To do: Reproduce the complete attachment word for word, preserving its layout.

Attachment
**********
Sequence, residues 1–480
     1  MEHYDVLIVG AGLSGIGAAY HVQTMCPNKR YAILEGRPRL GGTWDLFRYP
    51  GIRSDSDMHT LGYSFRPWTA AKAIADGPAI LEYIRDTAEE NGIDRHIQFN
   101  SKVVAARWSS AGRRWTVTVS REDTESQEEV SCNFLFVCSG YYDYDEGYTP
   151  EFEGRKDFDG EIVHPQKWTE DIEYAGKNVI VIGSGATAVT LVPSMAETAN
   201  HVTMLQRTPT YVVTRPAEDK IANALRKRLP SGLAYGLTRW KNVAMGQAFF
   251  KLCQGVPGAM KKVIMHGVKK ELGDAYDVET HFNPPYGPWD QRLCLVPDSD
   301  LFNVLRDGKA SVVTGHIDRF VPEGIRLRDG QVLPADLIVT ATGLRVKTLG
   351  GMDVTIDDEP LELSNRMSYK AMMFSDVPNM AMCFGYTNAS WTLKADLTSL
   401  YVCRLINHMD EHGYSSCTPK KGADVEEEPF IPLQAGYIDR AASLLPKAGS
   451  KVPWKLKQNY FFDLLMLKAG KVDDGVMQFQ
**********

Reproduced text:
Sequence, residues 1–480
     1  MEHYDVLIVG AGLSGIGAAY HVQTMCPNKR YAILEGRPRL GGTWDLFRYP
    51  GIRSDSDMHT LGYSFRPWTA AKAIADGPAI LEYIRDTAEE NGIDRHIQFN
   101  SKVVAARWSS AGRRWTVTVS REDTESQEEV SCNFLFVCSG YYDYDEGYTP
   151  EFEGRKDFDG EIVHPQKWTE DIEYAGKNVI VIGSGATAVT LVPSMAETAN
   201  HVTMLQRTPT YVVTRPAEDK IANALRKRLP SGLAYGLTRW KNVAMGQAFF
   251  KLCQGVPGAM KKVIMHGVKK ELGDAYDVET HFNPPYGPWD QRLCLVPDSD
   301  LFNVLRDGKA SVVTGHIDRF VPEGIRLRDG QVLPADLIVT ATGLRVKTLG
   351  GMDVTIDDEP LELSNRMSYK AMMFSDVPNM AMCFGYTNAS WTLKADLTSL
   401  YVCRLINHMD EHGYSSCTPK KGADVEEEPF IPLQAGYIDR AASLLPKAGS
   451  KVPWKLKQNY FFDLLMLKAG KVDDGVMQFQ